The house’s architect was arguably the most famous to ever design a structure in all of north central Ohio.
Two months ago, however, no one knew that was the case.
On Monday afternoon, October 3, four people gathered in the offices of a local bank to engage in what was only the third major transfer in the house’s almost-110 year history. When the process was completed, the Gill House at 342 Harding Way West was purchased by a new limited liability company which will conduct repairs, winterize the property, and market it to buyers who will restore and preserve it. The house was purchased from Harding Way Center, Ltd., a company which was organized by the late attorney Philip Hesby and his wife, Jean. The Hesbys had acquired the Gill House in the early 1950s from the Talbott family.
The new company, Preserving Galion History, LLC, currently has one member – the Galion Historical Society, Inc. — which provided funding for the acquisition. For the first time in its 56-year history, the Society has sought and obtained the opportunity to take an active role in securing the future of a significant piece of local history outside of the area of South Union and West Walnut Streets. According to a letter sent to all Society members on Tuesday announcing the purchase, this action is called for not only in the organization’s Constitution, but by a recent membership survey which indicated that “preservation of local historic buildings” was to be given highest priority.
The Gill House was constructed about 1903 by Bloomer B. and Nellie Stewart Gill. Bloomer was the grandson of David Gill, an early Galion pioneer and its first school teacher. The original Gill family holdings extended to the north and west from the corner of Harding Way West and Gill Avenue, and encompassed what is now the area of Heise Park. Mr. Gill owned a drug store and was later associated as an executive with the Howard Buggy Works and Howard Automobile Company.
The house itself is a masterful representation of the Neoclassical style of architecture in its purest form. Although the original two story semicircular front portico is gone, the remainder of the house exhibits extremely sophisticated and refined decoration. The interior is breathtaking. This is no surprise when one realizes that the architect of the house, Louis Kamper, was trained in the offices of McKim, Mead & White – the leading Neoclassical and Beaux-Arts architectural firm worldwide in the late 19th and early 20th centuries. Kamper was a protégé of the renowned Stanford White, one of America’s best-known architects.
After being trained with the firm in New York City, Kamper started his own firm in Detroit, where he became the Midwest’s leading classical-style architect. In addition to many residential commissions in Detroit for that city’s industrial magnates, Kamper was the architect for many of the city’s famous large buildings and hotels – including the famous Book-Cadillac.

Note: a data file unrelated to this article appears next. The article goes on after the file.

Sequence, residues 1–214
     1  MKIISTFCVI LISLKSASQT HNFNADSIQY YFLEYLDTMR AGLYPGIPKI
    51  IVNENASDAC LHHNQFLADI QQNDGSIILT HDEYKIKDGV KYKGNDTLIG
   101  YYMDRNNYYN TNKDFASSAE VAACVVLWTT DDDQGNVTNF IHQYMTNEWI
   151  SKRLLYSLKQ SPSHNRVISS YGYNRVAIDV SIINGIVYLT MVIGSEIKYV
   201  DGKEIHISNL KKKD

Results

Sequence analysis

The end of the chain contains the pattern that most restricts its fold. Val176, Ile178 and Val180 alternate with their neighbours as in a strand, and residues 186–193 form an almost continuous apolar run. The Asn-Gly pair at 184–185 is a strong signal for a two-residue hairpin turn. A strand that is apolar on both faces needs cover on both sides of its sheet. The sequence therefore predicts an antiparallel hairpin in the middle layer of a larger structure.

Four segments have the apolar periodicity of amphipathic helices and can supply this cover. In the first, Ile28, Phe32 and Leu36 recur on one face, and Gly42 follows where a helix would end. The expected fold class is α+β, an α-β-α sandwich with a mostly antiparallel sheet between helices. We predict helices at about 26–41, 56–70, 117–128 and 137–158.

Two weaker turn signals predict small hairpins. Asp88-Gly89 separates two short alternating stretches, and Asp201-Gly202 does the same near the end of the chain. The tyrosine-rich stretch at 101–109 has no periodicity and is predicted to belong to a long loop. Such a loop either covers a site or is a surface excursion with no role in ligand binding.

Many of Kamper’s residences are now lost. The Gill House is, in fact, the only known structure in Ohio to have been designed by the architect. When it acquired the structure, Preserving Galion History, LLC actually also obtained all of the original architectural drawings and renderings of the house (including the porch) – which also happen to be some of the only known to survive from the architect, as Kamper’s studio burned in the 1950s. Until those plans were shared with the prospective purchaser some weeks ago, no one in Galion was aware of the designer’s identity.
When he learned of the acquisition of the Gill House late Monday night, a Michigan architect and Kamper biographer immediately started making plans to come to Galion in the coming weeks to view the house.
In recent weeks, Historical Society members have also been unearthing what is a likely strong connection between the Gills, the house, and the inventor Thomas Alva Edison. This intriguing story, which GalionLive will profile soon, involves the Chautauqua Institution in New York, Edison’s second wife, and a Gill family “story” that was shared fifteen years ago by one of Galion’s most beloved librarians.
Almost twenty years ago, the house was the planned site of a new Taco Bell restaurant, and an effort to save the building was front-page news for months in local media. On Monday night, after the sale had taken place, members of the Galion Historical Society Board and Staff, as well as their spouses, joined in the oval dining room of the Gill House for a champagne and finger food event in celebration of the purchase.
Many Galionites are also fond of the towering copper beech tree which graces the front yard of the property. There is actually a second copper beech tree behind the first. While the largest tree — which fronts on Harding Way West — is in great shape, the company is in the process of determining whether the second, smaller tree can be saved.
Now the real work begins. Repairs will begin immediately, and investors in the limited liability company are being actively sought. Of course, the property will also soon be available for purchase. For more information on the project, please contact Society Executive Director Amber Wertman, who is serving as communications point person for Preserving Galion History, LLC pursuant to an agreement between it and the Society.
Because of the private nature of the former owners, the public has not been allowed in the house for almost 60 years. This will end soon, as the Society is already making plans to allow limited tours.
Below are the first-ever public photos of the interior of the Gill House. These were taken in August of this year.